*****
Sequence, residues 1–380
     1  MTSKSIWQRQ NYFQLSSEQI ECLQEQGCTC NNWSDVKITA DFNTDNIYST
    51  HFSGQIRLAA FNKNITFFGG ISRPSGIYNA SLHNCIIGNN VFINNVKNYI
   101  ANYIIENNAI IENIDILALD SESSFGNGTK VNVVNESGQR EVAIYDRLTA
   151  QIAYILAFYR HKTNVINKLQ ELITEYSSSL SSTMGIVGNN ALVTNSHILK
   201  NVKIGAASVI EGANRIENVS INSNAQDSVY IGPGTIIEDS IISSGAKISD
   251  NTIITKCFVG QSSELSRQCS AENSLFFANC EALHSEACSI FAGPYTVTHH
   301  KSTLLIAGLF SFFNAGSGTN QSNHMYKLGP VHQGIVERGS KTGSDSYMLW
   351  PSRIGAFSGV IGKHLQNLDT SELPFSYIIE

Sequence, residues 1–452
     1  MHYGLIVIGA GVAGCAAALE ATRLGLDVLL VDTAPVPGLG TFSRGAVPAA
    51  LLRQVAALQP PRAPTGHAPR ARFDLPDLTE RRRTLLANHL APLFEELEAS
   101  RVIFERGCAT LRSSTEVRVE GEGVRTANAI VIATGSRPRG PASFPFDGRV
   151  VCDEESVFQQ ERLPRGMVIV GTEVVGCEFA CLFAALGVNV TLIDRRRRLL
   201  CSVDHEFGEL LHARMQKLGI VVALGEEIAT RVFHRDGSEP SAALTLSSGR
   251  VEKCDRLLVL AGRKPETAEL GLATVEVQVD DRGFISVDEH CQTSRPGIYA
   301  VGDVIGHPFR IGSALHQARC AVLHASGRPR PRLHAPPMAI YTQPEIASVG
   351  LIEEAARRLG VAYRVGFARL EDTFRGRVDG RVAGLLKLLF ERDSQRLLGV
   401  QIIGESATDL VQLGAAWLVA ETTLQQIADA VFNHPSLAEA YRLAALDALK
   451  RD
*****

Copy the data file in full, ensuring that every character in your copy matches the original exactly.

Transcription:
Sequence, residues 1–380
     1  MTSKSIWQRQ NYFQLSSEQI ECLQEQGCTC NNWSDVKITA DFNTDNIYST
    51  HFSGQIRLAA FNKNITFFGG ISRPSGIYNA SLHNCIIGNN VFINNVKNYI
   101  ANYIIENNAI IENIDILALD SESSFGNGTK VNVVNESGQR EVAIYDRLTA
   151  QIAYILAFYR HKTNVINKLQ ELITEYSSSL SSTMGIVGNN ALVTNSHILK
   201  NVKIGAASVI EGANRIENVS INSNAQDSVY IGPGTIIEDS IISSGAKISD
   251  NTIITKCFVG QSSELSRQCS AENSLFFANC EALHSEACSI FAGPYTVTHH
   301  KSTLLIAGLF SFFNAGSGTN QSNHMYKLGP VHQGIVERGS KTGSDSYMLW
   351  PSRIGAFSGV IGKHLQNLDT SELPFSYIIE

Sequence, residues 1–452
     1  MHYGLIVIGA GVAGCAAALE ATRLGLDVLL VDTAPVPGLG TFSRGAVPAA
    51  LLRQVAALQP PRAPTGHAPR ARFDLPDLTE RRRTLLANHL APLFEELEAS
   101  RVIFERGCAT LRSSTEVRVE GEGVRTANAI VIATGSRPRG PASFPFDGRV
   151  VCDEESVFQQ ERLPRGMVIV GTEVVGCEFA CLFAALGVNV TLIDRRRRLL
   201  CSVDHEFGEL LHARMQKLGI VVALGEEIAT RVFHRDGSEP SAALTLSSGR
   251  VEKCDRLLVL AGRKPETAEL GLATVEVQVD DRGFISVDEH CQTSRPGIYA
   301  VGDVIGHPFR IGSALHQARC AVLHASGRPR PRLHAPPMAI YTQPEIASVG
   351  LIEEAARRLG VAYRVGFARL EDTFRGRVDG RVAGLLKLLF ERDSQRLLGV
   401  QIIGESATDL VQLGAAWLVA ETTLQQIADA VFNHPSLAEA YRLAALDALK
   451  RD